• [0024]
    SAML is a standard promulgated in 2003 by the Organization for the Advancement of Structured Information Standards (OASIS) group. SAML is different from other security approaches mostly because of its expression of security in the form of assertions about subjects. With SAML, any point in the network can assert that it knows the identity of a user or piece of data. It is up to the receiving application to accept or reject the assertion. Any SAML-compliant software can assert its authentication of a user or data. SAML uses extensible markup language (XML) tags to exchange identity information across domain boundaries.
  • [0025]
    The UI widget according to example embodiments of the invention is a flash based component hosted on an independent presentation server. In order to invoke the widget, the on-line resource provider site needs to provide the IP/server address of the URL which will be making the request to load the flash widget. This address can be added to a crossdomain.xml file, which restricts the UI widget from being called by unauthorized Web sites. These embodiments of the invention provide a browser side interface. The flash seed file is placed on the host site. This seed file's function is to call the presentation server and load the main portions of the UI widget. The seed file detects situations where communication between the customer's browser and the presentation server is not functioning properly. The flash code is embedded in the client Web page where the function is required.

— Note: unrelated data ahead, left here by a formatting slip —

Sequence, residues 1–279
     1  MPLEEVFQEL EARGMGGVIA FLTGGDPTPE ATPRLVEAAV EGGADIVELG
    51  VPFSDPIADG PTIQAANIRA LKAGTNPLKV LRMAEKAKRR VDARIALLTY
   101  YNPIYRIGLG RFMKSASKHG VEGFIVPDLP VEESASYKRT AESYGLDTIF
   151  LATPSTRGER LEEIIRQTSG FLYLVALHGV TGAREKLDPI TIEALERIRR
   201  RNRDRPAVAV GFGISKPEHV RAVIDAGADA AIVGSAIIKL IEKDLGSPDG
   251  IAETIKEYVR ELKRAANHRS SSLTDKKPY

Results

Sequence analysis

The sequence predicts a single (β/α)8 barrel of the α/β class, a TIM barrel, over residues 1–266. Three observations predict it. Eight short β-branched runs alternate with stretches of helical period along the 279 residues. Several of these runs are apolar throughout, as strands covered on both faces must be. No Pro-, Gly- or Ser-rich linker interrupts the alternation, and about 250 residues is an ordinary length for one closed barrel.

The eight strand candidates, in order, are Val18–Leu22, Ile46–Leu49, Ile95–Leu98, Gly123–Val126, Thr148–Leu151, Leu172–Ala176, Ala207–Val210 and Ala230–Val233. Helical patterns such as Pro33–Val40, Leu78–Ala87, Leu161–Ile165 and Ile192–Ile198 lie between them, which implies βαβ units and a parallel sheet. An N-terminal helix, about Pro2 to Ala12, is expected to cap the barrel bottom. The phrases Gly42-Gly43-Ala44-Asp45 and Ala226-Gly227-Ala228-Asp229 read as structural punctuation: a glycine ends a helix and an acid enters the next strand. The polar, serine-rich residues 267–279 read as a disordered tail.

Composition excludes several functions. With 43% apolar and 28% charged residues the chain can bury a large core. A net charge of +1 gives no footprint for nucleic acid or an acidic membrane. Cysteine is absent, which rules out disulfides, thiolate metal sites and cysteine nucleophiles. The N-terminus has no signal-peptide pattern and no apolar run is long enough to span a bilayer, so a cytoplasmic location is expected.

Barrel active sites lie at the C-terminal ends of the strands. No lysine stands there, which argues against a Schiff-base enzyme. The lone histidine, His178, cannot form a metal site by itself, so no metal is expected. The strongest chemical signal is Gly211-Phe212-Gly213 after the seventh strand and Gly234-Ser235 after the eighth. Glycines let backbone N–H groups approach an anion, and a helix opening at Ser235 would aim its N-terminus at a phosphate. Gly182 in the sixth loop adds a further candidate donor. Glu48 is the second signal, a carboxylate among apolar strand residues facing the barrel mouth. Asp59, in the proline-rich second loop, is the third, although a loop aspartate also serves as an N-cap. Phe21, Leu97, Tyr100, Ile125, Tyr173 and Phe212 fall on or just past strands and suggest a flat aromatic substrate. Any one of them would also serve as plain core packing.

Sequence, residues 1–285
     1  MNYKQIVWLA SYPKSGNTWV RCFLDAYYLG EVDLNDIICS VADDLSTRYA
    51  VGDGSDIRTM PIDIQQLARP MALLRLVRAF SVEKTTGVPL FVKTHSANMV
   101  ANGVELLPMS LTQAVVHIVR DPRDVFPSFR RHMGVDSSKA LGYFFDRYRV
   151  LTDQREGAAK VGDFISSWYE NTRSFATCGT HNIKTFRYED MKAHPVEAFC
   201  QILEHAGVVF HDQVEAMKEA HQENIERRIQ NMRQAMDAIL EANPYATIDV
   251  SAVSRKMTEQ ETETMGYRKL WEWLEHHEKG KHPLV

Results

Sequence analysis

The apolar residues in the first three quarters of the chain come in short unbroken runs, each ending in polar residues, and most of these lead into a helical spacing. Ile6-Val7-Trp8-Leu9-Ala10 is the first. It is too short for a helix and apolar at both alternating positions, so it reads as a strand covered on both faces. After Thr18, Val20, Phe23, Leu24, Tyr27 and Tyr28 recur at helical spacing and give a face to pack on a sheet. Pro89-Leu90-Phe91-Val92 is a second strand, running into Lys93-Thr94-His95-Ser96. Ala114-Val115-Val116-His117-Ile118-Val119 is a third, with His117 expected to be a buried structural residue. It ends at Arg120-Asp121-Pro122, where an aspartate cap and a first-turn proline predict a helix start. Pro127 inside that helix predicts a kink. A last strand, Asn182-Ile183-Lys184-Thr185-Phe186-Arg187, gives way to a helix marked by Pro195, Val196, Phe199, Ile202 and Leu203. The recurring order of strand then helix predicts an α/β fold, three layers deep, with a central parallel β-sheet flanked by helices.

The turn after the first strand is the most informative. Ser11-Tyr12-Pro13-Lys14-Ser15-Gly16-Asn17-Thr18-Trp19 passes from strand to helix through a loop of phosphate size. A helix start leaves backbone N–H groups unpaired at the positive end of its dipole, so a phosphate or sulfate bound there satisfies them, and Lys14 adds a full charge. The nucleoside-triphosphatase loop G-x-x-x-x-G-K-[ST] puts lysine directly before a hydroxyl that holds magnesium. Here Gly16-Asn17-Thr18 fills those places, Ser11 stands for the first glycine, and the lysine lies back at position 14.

• [0026]
    Depending on the specific interaction requirements for the service provider page, the UI widget, once downloaded, can be placed on the page or in a hidden DIV and revealed as needed. The hidden form variable to accept the SAML artifact is also written into the page. A client side javascript function is also written to accept the artifact from the UI widget and move the artifact to a hidden form variable. The on-line resource server in example embodiments includes a server side process to create an SAML assertion request from the artifact, post to an assertion retrieval service and validate the assertion.
  • [0027]